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Getting involved in a relationship with someone who has children and has been married before.
Dating / 10:44 AM - Saturday December 11, 2010

Getting involved in a relationship with someone who has children and has been married before.

How do you guys feel about this? I know when I was younger, say around late teens and early twenties, the idea didn't appeal to me at all.

But now that I am 27 I realize that more and more people have already married and had kids by this age. Therefore, the pool of single people with no children or past is few and far between.

The only reason I am asking this is because I fear that I may now have to file for an annulment of my marriage due to reasons beyond my control and I have a daughter from this marriage.

I guess I worry that no one will be interested in me because I have a child and an ex-husband (if it comes to that.)

I know this is probably childish thinking from my earlier days, so please tell me your thoughts. Hopefully it will reassure me that there is a future for me if the worst case scenario happens. Thanks.

- Asked by hollaback63, A Creative, Female, 29-35, Charlotte, Administrative

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If you divorce, or annul, there is every optortunity to find love again.

Not with everybody, but certainly many folks.

You are right in that, as one ages, and finds oneself single again, most folks the same age will have gone though something silmilar.

Never think that you are not lovable, just because you have a child. :)

Further thoughts...IF you find yourself single again, take some time out.

Get yours, and your child's life on an even keel, before getting into the dating scene again. It will do you both good. Best wishes!

- Response by mamom04, A Sweet Sarah, Female, 56-65, Phoenix

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At my age, dating women with children is sort of a given. I always look for the best, and try to give my best.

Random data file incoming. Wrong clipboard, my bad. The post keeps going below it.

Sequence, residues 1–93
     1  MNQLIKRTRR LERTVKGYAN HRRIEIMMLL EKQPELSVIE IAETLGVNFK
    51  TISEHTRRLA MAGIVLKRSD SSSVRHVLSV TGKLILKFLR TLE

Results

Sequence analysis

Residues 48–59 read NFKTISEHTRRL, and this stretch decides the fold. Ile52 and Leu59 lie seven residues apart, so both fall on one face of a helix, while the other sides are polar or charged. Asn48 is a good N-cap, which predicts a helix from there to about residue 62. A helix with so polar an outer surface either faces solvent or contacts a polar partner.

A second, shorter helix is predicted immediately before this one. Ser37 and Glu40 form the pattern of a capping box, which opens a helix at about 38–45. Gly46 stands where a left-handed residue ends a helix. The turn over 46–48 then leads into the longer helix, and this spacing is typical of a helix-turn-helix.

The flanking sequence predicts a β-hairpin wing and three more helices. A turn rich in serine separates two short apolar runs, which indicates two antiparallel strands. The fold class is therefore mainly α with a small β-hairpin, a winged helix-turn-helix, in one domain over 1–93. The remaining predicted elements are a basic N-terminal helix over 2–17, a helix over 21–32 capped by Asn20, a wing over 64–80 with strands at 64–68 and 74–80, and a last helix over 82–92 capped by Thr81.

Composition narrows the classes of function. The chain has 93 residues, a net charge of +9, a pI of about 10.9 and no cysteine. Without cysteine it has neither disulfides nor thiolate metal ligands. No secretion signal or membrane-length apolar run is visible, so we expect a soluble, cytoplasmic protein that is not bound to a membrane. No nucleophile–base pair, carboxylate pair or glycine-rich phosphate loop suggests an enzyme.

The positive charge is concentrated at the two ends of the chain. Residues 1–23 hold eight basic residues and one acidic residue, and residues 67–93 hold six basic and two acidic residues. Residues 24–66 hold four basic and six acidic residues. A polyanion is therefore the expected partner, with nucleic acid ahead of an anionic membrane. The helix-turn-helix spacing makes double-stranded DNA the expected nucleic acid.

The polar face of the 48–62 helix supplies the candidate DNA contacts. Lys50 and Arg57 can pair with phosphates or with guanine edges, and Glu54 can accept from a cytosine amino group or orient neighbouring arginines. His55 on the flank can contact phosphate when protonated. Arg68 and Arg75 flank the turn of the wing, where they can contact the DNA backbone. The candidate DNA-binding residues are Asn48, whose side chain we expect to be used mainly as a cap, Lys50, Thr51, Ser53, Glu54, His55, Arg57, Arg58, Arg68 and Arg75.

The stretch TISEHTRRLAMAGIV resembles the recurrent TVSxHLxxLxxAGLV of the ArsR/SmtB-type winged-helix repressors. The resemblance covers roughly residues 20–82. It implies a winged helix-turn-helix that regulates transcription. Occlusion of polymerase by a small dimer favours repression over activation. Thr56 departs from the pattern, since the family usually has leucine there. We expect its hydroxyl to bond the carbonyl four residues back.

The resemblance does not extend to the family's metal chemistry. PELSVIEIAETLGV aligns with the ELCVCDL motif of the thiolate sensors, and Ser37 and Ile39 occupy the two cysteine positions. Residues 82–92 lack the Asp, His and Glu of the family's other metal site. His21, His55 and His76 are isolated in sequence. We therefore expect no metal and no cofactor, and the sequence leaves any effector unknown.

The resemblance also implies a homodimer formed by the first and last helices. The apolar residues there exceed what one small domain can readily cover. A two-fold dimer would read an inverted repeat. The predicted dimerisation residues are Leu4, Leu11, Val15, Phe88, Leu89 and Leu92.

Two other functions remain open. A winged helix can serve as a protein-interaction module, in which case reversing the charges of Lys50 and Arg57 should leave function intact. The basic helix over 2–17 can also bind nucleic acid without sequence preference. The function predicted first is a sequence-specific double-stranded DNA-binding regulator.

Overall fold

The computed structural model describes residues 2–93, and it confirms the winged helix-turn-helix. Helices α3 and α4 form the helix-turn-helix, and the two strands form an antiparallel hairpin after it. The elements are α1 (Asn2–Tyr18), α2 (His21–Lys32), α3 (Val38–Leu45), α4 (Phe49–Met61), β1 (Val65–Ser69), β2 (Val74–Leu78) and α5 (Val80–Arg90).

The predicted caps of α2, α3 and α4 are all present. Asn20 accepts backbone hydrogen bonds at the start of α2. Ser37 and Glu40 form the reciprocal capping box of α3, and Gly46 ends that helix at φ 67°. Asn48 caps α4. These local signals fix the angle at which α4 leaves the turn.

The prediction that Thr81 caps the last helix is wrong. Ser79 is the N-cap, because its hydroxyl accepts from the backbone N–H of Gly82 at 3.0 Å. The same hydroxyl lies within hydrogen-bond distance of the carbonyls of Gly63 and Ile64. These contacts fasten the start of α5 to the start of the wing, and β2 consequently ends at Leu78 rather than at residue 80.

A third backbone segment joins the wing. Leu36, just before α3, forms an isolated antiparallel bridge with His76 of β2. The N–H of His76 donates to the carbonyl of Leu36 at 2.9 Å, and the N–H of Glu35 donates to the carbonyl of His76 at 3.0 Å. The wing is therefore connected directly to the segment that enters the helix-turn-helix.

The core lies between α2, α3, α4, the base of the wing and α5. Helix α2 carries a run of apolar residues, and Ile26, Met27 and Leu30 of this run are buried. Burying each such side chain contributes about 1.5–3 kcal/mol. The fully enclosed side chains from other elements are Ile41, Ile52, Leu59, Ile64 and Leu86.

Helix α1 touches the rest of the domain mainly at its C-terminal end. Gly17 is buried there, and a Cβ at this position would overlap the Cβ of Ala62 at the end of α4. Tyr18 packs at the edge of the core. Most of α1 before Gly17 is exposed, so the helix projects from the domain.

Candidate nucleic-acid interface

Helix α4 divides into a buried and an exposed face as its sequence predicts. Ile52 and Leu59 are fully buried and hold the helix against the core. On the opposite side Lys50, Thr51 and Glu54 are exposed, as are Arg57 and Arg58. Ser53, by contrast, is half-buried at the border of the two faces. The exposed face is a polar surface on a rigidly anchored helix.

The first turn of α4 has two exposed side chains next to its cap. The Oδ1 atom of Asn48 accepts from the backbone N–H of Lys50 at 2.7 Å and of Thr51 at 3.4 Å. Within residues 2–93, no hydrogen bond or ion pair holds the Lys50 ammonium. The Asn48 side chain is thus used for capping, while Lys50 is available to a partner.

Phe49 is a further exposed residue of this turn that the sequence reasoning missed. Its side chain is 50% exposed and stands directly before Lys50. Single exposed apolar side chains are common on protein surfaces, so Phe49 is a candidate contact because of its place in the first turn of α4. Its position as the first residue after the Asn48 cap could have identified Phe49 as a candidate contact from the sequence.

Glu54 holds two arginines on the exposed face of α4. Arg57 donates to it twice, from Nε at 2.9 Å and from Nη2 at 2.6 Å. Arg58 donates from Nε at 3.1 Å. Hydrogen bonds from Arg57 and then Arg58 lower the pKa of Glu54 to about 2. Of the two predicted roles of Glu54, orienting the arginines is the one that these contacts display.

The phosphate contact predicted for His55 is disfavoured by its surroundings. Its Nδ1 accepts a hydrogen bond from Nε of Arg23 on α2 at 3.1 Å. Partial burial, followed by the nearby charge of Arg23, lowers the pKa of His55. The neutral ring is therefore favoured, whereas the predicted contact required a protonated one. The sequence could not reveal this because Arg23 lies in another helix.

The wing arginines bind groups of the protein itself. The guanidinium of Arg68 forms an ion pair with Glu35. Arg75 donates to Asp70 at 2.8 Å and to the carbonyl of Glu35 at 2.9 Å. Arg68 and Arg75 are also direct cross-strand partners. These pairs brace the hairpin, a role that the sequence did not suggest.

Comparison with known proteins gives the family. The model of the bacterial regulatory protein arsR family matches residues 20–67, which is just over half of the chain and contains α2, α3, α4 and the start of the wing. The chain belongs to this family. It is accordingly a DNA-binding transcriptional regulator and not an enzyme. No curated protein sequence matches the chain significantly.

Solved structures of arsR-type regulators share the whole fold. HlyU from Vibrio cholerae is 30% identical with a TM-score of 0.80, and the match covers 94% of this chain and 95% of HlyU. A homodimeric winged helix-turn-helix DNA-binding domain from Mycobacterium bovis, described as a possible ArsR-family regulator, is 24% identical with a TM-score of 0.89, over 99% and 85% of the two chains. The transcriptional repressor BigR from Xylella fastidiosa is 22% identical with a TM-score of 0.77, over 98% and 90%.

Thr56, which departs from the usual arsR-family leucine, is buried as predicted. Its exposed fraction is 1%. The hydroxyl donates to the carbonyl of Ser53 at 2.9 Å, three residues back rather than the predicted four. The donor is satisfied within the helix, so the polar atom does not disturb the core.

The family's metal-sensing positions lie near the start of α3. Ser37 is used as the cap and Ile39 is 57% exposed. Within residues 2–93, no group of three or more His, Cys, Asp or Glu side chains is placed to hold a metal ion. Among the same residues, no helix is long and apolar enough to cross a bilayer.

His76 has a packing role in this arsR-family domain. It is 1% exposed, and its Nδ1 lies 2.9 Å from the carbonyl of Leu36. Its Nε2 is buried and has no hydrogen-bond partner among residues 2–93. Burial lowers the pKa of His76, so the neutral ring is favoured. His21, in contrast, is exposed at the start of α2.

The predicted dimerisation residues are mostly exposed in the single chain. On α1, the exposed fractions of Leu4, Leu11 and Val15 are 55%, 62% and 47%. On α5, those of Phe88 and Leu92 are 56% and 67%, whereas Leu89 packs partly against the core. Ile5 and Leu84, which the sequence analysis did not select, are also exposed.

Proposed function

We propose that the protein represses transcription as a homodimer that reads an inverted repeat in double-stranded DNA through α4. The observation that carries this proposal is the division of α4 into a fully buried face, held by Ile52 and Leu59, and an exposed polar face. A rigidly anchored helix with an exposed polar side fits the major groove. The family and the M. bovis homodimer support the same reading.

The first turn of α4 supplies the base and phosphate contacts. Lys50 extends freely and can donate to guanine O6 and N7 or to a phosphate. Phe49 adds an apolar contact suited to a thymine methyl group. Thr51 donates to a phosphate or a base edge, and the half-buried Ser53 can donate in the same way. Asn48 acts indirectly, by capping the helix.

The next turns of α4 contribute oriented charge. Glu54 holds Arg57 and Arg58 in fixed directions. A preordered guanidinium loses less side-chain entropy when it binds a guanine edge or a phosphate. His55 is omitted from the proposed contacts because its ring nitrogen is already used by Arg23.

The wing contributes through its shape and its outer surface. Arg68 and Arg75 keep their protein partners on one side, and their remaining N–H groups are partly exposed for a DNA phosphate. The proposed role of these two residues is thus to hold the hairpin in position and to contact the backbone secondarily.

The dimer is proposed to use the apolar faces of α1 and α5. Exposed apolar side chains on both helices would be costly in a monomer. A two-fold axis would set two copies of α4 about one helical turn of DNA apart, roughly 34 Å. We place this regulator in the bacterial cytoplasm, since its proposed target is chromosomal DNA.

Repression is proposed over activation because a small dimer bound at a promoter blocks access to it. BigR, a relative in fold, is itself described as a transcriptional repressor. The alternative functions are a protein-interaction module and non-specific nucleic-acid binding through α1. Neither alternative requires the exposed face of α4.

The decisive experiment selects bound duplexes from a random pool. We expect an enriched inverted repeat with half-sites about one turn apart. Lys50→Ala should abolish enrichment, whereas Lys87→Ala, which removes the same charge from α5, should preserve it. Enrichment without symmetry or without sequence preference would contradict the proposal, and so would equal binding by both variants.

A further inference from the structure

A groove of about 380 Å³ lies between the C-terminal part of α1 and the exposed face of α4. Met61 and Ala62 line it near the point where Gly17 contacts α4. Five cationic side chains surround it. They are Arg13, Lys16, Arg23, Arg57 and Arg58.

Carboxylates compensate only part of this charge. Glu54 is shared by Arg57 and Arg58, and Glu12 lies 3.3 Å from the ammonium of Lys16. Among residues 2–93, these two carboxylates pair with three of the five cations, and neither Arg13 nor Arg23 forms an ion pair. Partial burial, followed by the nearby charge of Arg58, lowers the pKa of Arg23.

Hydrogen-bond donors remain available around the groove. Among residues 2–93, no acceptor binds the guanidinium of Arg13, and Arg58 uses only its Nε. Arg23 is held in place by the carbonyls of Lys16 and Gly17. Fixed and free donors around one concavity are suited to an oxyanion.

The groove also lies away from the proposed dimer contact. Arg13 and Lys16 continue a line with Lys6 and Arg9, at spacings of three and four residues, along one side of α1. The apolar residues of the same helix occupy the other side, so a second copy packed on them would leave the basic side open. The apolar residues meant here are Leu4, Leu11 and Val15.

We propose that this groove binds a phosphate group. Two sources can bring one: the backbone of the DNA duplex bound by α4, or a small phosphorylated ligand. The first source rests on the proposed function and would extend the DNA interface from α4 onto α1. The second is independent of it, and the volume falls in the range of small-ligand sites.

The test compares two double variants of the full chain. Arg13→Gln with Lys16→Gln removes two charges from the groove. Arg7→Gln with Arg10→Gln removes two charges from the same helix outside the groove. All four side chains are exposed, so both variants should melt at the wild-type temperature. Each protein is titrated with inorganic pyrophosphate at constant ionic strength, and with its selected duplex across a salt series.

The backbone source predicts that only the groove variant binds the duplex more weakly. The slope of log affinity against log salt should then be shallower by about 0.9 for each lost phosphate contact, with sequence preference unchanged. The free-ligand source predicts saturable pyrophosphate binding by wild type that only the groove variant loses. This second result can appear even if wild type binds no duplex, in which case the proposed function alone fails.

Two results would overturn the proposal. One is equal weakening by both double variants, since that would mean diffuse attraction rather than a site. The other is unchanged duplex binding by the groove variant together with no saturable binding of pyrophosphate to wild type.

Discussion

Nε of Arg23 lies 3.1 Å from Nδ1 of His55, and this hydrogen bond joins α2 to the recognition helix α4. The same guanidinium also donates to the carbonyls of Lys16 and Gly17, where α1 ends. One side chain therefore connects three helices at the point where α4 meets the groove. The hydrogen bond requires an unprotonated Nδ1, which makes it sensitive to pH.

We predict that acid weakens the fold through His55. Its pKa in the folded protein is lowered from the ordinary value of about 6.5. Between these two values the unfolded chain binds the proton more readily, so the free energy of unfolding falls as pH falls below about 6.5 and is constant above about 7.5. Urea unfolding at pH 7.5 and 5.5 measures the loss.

The dramas always catch up to us after a while-- There's the old "My child will always be first" syndrome, which means that any new potential mate actually comes in around sixth or seventh... after the kid(s), the toxic ex, school, work, the toxic ex, your parents, and so on. Did I mention the toxic ex? He never quite leaves the picture.
The key to keeping a good man is to find a spot for him a little closer to the top in your life.

- Response by chesterdad, An Intellectual Guy, Male, 56-65, San Francisco

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Let me give you some reassurance here....

I married at 18, we had a daughter when I was 19, and we had to end our union just before I turned 22 (he decided being a husband and Dad wasn't as easy and fun he thought it would be, and counseling didn't help him). I had the same fear you did, especially being so young. Know what happened? After 8 months of court battles and physical separation and ending in official divorce, I met a guy YOUNGER than myself (he was only 19). He introduced himself, and even though he was hesitant when I told him I was a divorced single parent, he continued to pursue me. 4+ years later he's still here, well bonded with me and my daughter who loves him like crazy. And to top it all off, my boyfriend and ex husband are actually civil and polite to one another.

It can happen, so try not to worry : ) I'm more than happy to chat more if need be!

- Response by olysiren, A Sweet Sarah, Female, 29-35, Who Cares?

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i that person is really into you
they won't care
and actually be happy
cause there are some guys who want to be with a women but not have children


- Response by sanchidoll, A Career Woman, Female, 18-21, New York, Student

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I realize that my situation isn't quite the same as yours. . .but I am childfree by choice and currently dating a man who has a daughter from his first marriage.

The difference here being that he is in his mid-fortyies and his daughter is already grown and moved out, so it's not like being an active step-parent to a younger child. Had that been the case, I may not have been as likely to get involved in a relationship with him at all.

But still, I don't think you should consider yourself "un-date-able". . .you're certainly not the only person out there who will be a single parent. Just realize that there are people out there who don't want children, and don't want the complications of getting involved with someone who already has a child. Don't hold it against them or take it personally, just move on.

- Response by saucywench, A Creative, Female, 36-45, Cincinnati, Other Profession

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I'd like to add this: Don't allow other people to lay a guilt-trip on you about finding a new man for yourself. They will pound you with "Your child should come first!", but what they're really getting at is, "You must sacrifice ALL of your needs for your child."
That is insane.
When you are feeling empty and used up because your needs have gone un-met for too long, how can you possibly fulfill your child's needs?
The fact is, your child isn't Number One; YOU are Number One.

- Response by chesterdad, An Intellectual Guy, Male, 56-65, San Francisco

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